I made some simple onion relish over the weekend. We were having vegetarian hot-dogs for supper on Saturday and it went perfectly with those in the homemade rolls. When I say simple I do mean just that:

Take a couple of large onions and slices them into thin half-rings, you’re going for long thin strands rather than pieces. Heat some olive oil in a non-stick pan and then add the sliced onion. Fry them on a high heat for a couple of minutes and then turn down the heat and continue to cook until the onion it becomes soft, keep stirring them. Now add some demerara sugar (just enough to cover the onions), a good glug (couple of tablespoons) of white wine vinegar and a quarter teaspoon of cayenne pepper. Keep stirring and continue to cook until the vinegar is all evaporated and the onions are well caramelised.

You can either allow it to cool and use later or serve it while still hot. It’ll keep for a couple of days in the fridge. You could also make some bigger batches and store in sterilised jars, but to be honest it’s so quick and easy to make fresh each time why bother? We had enough for our hot-dogs and enough for a lunchtime cheese roll the following day.


Links

Orwell’s Roses by Rebecca Solnit

Yes, We Have To Live With Covid – But Not With Such Irresponsible Ministers

Which Form of Transport Has The Smallest Carbon Footprint?


Well that’s all for this week. Whatever you’re up to in the week ahead, stay safe and take care.

Rain Stops Play TWTW # 140

Well a slightly earlier post than I’d planned today.

I’m just back from the allotment where I’d planned to do a series of different jobs until it started to rain hard.

The forecast must have changed a bit overnight because I thought I’d at least have 2 to 3 hours before the rain arrived.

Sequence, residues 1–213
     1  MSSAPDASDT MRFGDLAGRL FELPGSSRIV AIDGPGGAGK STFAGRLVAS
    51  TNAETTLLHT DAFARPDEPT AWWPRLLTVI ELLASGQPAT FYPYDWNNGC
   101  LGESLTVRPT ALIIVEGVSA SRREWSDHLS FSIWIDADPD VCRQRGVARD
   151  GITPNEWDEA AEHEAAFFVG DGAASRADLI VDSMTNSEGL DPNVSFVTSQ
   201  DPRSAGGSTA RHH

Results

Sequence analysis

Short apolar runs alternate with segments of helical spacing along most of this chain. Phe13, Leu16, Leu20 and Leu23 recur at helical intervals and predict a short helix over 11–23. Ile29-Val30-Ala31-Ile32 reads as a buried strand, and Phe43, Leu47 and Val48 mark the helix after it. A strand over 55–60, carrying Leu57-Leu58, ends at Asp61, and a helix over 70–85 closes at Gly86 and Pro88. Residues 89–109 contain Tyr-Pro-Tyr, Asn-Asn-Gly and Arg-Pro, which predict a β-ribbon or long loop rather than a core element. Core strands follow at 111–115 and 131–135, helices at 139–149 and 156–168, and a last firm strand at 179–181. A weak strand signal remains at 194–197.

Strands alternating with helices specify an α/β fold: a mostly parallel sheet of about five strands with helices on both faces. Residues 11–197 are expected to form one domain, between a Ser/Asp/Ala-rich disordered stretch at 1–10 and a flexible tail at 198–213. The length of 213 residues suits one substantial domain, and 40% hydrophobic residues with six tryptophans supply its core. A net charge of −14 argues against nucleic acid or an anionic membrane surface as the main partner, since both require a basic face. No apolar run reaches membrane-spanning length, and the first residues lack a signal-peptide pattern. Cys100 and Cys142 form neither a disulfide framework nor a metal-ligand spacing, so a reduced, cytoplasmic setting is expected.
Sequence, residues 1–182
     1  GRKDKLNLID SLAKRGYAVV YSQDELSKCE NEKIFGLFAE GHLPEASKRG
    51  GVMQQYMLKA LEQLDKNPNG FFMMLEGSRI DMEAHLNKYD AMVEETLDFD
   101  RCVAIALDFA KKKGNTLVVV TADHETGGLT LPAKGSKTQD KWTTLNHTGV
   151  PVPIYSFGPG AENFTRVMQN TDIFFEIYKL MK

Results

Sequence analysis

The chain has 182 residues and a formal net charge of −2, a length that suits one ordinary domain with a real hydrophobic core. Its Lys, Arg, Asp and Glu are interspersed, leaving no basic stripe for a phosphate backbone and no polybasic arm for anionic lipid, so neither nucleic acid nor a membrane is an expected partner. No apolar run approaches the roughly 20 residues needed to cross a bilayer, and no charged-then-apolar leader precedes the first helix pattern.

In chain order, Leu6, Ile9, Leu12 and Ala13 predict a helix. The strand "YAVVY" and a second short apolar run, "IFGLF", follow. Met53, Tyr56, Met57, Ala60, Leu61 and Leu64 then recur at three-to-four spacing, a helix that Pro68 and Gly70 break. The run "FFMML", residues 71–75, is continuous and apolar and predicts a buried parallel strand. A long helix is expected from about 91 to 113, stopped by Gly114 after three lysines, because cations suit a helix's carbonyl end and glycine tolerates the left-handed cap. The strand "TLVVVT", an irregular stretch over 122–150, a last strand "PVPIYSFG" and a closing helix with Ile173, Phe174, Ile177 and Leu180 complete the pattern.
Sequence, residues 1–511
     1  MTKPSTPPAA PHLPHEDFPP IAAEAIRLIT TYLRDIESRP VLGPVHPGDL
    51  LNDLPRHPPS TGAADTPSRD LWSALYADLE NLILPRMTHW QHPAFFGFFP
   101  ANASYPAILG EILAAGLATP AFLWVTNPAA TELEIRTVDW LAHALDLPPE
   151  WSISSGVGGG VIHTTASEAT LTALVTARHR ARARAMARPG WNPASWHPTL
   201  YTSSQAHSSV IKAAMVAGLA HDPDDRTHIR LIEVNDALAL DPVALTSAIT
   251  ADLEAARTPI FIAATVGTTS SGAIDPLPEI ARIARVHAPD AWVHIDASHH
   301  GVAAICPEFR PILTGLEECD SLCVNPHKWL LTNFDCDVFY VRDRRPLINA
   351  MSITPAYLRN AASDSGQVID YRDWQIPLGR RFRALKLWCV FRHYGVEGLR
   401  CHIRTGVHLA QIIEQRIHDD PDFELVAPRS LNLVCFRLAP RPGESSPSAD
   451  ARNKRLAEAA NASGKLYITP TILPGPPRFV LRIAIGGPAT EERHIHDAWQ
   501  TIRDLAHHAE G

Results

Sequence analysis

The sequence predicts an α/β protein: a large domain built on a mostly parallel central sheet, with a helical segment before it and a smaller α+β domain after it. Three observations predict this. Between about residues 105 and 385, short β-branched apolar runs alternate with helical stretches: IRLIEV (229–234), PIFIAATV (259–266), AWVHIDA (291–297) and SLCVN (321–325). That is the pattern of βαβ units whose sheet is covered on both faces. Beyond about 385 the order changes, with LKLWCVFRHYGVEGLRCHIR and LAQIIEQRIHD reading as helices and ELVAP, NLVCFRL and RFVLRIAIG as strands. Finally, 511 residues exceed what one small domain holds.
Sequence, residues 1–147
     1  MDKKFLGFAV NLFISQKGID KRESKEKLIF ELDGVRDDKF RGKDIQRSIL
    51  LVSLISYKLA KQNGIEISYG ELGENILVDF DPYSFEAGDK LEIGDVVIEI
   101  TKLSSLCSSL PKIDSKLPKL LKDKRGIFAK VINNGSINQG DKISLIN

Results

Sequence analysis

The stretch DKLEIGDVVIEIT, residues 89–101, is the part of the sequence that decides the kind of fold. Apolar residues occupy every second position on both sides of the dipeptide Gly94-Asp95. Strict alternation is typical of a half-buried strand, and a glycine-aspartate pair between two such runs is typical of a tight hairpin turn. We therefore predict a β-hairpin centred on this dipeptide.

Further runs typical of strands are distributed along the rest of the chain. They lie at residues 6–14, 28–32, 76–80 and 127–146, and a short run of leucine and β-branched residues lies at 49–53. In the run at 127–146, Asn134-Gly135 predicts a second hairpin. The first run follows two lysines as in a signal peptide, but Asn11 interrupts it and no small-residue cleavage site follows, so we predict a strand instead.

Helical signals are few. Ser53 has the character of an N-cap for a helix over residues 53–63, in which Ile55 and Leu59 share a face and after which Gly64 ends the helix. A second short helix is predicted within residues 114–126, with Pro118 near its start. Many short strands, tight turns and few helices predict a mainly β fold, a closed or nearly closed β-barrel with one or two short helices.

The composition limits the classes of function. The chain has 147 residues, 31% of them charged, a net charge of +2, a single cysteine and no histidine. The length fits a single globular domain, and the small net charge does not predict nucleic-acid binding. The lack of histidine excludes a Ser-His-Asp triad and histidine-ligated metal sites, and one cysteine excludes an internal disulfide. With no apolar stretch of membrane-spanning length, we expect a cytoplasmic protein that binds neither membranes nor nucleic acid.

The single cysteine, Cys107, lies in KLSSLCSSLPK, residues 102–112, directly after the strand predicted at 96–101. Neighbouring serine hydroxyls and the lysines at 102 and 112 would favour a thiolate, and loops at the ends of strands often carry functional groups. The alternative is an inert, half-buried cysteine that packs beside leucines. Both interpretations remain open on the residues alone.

Anyhow I finished up what I was doing and then headed for home, I’ll try again tomorrow in the meantime I’ll just have to finish my flask of coffee at home in the dry.

You know I’ve had that flask the best part of 30 years. I got it when I was working in the woods all day and needed a warm drink, particularly in the winter. It’s served me well, and still keeps my drinks warm even today.

The outer green paint is flaking off on one side and it’s a little bit rusty underneath. I did look to replace it a while ago, but that was during the first lockdown and you couldn’t get them. They’re available again now, but I really don’t want to replace it now. I think I’ll just keep going until it doesn’t anymore. Maybe it will even outlive me?


Watching.

We seem to have watched a lot this week. We’ve been continuing to watch Ghosts which I think I’ve mentioned before and have finished series 3. We also watched a couple of movies; Green Book which we really enjoyed, even if it does make for some painful watching because of some of the historical treatment of people of colour; and Pale Rider which I don’t think I’ve sat and watched from beginning to end for a very long time. It still stands up well, and the finale with Eastwood taking on an overwhelming force has been repeated many a time in the western genre and it’s a great example of it. It’s made me want to watch a few more of the old Eastwood westerns too, and perhaps some others that I haven’t seen in a while.


Reading.

I’ve been reading Arthur C. Clarke’s The Lost Worlds of 2001. A bit like The Odyssey File which I mentioned a few weeks ago, it’s more of a making of the movie, although it does contain some original stories that went into 2001.

I’ve also started on Volume One of Roald Dahl’s short stories, which are incredible pieces of work. Some I’ve read before – including Lamb to the Slaughter which has just the best telling of the the disposal of a murder weapon that I’ve ever read – but some are completely new to me. I’ve got the second volume to read as well so I could be reading these for a while.


Work.

I’ve been working on a proposal for a client at their request. It’s actually revisiting one that I worked on back in February that didn’t go anywhere due to budget cutbacks. However it seems like they now have some funding in place so I’m hopeful. They’ve also expanded the brief a bit, so it’s slightly more work than I bid for before. Fingers-crossed that it works out. It was submitted on Friday, so hopefully I’ll hear something in the next week or so.